Happy New Year, mini painting friends. 2020 has finally released her crushing grip. We are, of course, no better off than we were two days ago, but I believe in the psychological power of beginnings, even when nothing has ultimately changed. The new year is a time to set goals and define success in the months ahead. So I shall.
It’s been a while since I’ve added to the hobby tutorials on ToadChapel. Let’s remedy that! As we near Christmas, I’ve painted 18 miniature busts since COVID sent us all inside back in March, so I figure that would be a good subject to explore.
The essence of any bust is the face. Many busts consist of little more than the head. In this tutorial I’m going to focus mostly on painting the face, though I may make incidental reference to how I approach other elements on the model.
I got some nice feedback (thanks!) on the base of my recently completed Maulg figure and a request to explain how I put it together. I happened to take some pictures along the way (for some reason I was giving a friend an unsolicited play-by-play), so I’m able to offer a pretty detailed tutorial on various aspects of the construction & finishing. I’m also happy to share some of my principles, planning, and intention when doing bases and vignettes.
Our man BaM is back with another great tutorial. He paints minis all day every day, and he has refined his techniques over many years. One thing he’s mastered for sure is gritty true metallic metals. This time he’s walking us through the creation of a TMM suit of darkened steel armor on a chaos warrior.
Our good friend John Margiotta, aka BloodASMedium, is back with another tutorial covering one of his specialties. This time he’s opening the hood on his heavily rusted iron/steel. I love the physical texture he achieves with this additive approach.
These beauties – er, uglies – form the Clan of the Bleeding Eye. John is always cranking out amazing units, and these spire tyrants turned to the worship of Nurgle look like they’ll prove no exception.
Ok, here’s how to produce an ultra-heavy rust effect suitable whenever you want maximum corrosion.
Our pal g0rb is back with a smashing tutorial on the scratchbuilding and weathering of a space hulk-themed display platform for your miniatures. Chris is an ultra-creative and unorthodox hobbyist who always has something new to show us.
In this article I am going to show you the steps I took in scratchbuilding a weathered spaceship corridor interior. I used this kind of technique for the space ship corridor in my Space Hulk diorama.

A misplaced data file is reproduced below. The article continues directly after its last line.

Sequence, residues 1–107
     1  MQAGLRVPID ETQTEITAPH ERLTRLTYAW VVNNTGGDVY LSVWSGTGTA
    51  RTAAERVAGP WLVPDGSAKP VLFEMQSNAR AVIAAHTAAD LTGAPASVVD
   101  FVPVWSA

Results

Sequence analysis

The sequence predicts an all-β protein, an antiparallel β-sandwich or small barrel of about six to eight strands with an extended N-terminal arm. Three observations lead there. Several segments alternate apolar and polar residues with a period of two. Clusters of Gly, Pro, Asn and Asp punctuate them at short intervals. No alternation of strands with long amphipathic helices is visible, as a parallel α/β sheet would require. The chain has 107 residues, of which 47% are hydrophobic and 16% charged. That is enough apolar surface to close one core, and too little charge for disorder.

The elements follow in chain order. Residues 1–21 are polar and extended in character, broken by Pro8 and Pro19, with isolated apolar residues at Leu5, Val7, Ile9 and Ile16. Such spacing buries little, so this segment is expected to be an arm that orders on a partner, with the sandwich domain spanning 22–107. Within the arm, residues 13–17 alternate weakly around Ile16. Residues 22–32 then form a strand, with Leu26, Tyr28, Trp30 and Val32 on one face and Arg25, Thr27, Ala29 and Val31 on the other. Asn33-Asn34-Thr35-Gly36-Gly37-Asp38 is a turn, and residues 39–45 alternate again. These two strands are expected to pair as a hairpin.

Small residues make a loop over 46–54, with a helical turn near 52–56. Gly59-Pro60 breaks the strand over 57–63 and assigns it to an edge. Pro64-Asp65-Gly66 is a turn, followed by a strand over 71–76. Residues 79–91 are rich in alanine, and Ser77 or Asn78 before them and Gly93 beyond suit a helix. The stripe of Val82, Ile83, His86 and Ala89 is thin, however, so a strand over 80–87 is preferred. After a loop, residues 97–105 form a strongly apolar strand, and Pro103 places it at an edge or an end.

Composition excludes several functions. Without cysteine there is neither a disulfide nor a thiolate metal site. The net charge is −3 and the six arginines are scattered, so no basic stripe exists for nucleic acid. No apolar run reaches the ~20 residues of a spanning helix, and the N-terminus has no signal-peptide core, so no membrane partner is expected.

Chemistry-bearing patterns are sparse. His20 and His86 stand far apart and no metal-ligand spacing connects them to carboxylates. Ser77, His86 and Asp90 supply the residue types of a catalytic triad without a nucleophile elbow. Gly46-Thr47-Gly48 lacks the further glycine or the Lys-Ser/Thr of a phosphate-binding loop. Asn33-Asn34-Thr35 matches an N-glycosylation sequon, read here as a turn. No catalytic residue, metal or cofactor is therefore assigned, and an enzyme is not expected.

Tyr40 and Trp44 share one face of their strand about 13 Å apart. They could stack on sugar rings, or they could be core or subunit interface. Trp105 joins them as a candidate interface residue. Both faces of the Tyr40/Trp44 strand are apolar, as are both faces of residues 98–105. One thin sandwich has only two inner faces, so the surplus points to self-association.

Instead of a diorama base, I will be building a display platform. This platform can be used as a photography backdrop or to display finished models on. The steps used in construction and weathering can of course be applied to anything else that needs weathering.
ToadChapel’s good friend Lee Hebblethwaite, aka 10Ball, returnswith another tutorial that will give you a glimpse into how he achieved a stunning, unearthly effect on the skin of his recent Shaetann bust. Trust me, you don’t want to miss this one!
I’ve had quite a response to my latest project, Shaetann (by Raul Garcia Latorre), which is lovely to hear, and it’s always a bonus when people ask how I’ve gone about certain aspects of a miniature. So in response to a number of requests about the bust’s unusual skintones here’s a small write up on my approach and my thoughts about painting it.
Read on for a breakdown of how you can pull off this incredible effect.
ToadChapel’s friend and regular contributer Lee Hebblethwaite returns to introduce another fun and effective technique to spice up your mini painting. Though 10Ball is better known for his outstanding NMM, he also knows a thing or two about gorgeous true metallic metals. Read on to learn how Lee makes use of liquid mask to lend character to his corrosion!
Spend any time around ToadChapel and you know I’m plum crazy about the fungus. I like the way mushrooms look and I like learning about them, so I photograph them, I draw them, and I use them extensively in my miniature projects. I’ve developed techniques for creating a variety of mushroom shapes suitable for 28mm, 54mm, or larger scale mini scenes, and I’m happy to share my approach with you. Depending upon how you paint these, you could produce many actual mushroom species and an unlimited number of fictional fungi.
These mushrooms are sturdy and small enough to use on gaming bases, especially if you place them intelligently, but they’re delicate enough to add a lot of dazzling detail to display pieces. Read on to learn how to work some minuscule mushrooms into your next modeling project.
I think I’ve finished up the setting for my next mini creation. It’s a forest scene packed with all sorts of mushrooms. There’s a figure still to come, but I wanted this piece to stand without one.
There were plenty of challenges. Leaves that can’t effectively be bent, rolled, or twisted. Various media fighting each other. Frustratingly slow drying times!
There’s plenty I’d like to improve or change, but I’m very happy overall. The turkeytails and lichens are the best I’ve done. The effect of the leaves in the water looks cool. And the logs are real good to my eye. So yeah, a nice little piece of modeling, I think.
Read on for a tour of the various mushrooms and other woodsy stuff!